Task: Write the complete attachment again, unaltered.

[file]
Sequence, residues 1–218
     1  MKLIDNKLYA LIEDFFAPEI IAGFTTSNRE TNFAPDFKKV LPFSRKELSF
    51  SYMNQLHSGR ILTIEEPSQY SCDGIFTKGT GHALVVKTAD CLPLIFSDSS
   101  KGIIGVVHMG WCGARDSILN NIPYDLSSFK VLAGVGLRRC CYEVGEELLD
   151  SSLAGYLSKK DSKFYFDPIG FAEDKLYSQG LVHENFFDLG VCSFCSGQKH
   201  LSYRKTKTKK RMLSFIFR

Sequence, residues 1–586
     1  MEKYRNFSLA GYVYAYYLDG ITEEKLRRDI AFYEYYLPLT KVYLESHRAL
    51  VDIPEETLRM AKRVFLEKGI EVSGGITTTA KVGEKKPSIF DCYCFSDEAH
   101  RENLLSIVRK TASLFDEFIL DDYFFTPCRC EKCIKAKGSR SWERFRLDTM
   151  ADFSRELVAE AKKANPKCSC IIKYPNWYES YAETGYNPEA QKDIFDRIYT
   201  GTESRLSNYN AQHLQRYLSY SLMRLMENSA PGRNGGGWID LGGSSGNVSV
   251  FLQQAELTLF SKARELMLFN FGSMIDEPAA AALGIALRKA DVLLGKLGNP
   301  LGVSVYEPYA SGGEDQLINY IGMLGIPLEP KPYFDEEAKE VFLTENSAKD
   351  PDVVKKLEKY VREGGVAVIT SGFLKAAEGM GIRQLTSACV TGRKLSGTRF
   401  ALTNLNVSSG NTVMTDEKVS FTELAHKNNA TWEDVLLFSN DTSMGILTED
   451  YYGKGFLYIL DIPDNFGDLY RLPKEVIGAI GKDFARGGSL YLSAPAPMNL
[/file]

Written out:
Sequence, residues 1–218
     1  MKLIDNKLYA LIEDFFAPEI IAGFTTSNRE TNFAPDFKKV LPFSRKELSF
    51  SYMNQLHSGR ILTIEEPSQY SCDGIFTKGT GHALVVKTAD CLPLIFSDSS
   101  KGIIGVVHMG WCGARDSILN NIPYDLSSFK VLAGVGLRRC CYEVGEELLD
   151  SSLAGYLSKK DSKFYFDPIG FAEDKLYSQG LVHENFFDLG VCSFCSGQKH
   201  LSYRKTKTKK RMLSFIFR

Sequence, residues 1–586
     1  MEKYRNFSLA GYVYAYYLDG ITEEKLRRDI AFYEYYLPLT KVYLESHRAL
    51  VDIPEETLRM AKRVFLEKGI EVSGGITTTA KVGEKKPSIF DCYCFSDEAH
   101  RENLLSIVRK TASLFDEFIL DDYFFTPCRC EKCIKAKGSR SWERFRLDTM
   151  ADFSRELVAE AKKANPKCSC IIKYPNWYES YAETGYNPEA QKDIFDRIYT
   201  GTESRLSNYN AQHLQRYLSY SLMRLMENSA PGRNGGGWID LGGSSGNVSV
   251  FLQQAELTLF SKARELMLFN FGSMIDEPAA AALGIALRKA DVLLGKLGNP
   301  LGVSVYEPYA SGGEDQLINY IGMLGIPLEP KPYFDEEAKE VFLTENSAKD
   351  PDVVKKLEKY VREGGVAVIT SGFLKAAEGM GIRQLTSACV TGRKLSGTRF
   401  ALTNLNVSSG NTVMTDEKVS FTELAHKNNA TWEDVLLFSN DTSMGILTED
   451  YYGKGFLYIL DIPDNFGDLY RLPKEVIGAI GKDFARGGSL YLSAPAPMNL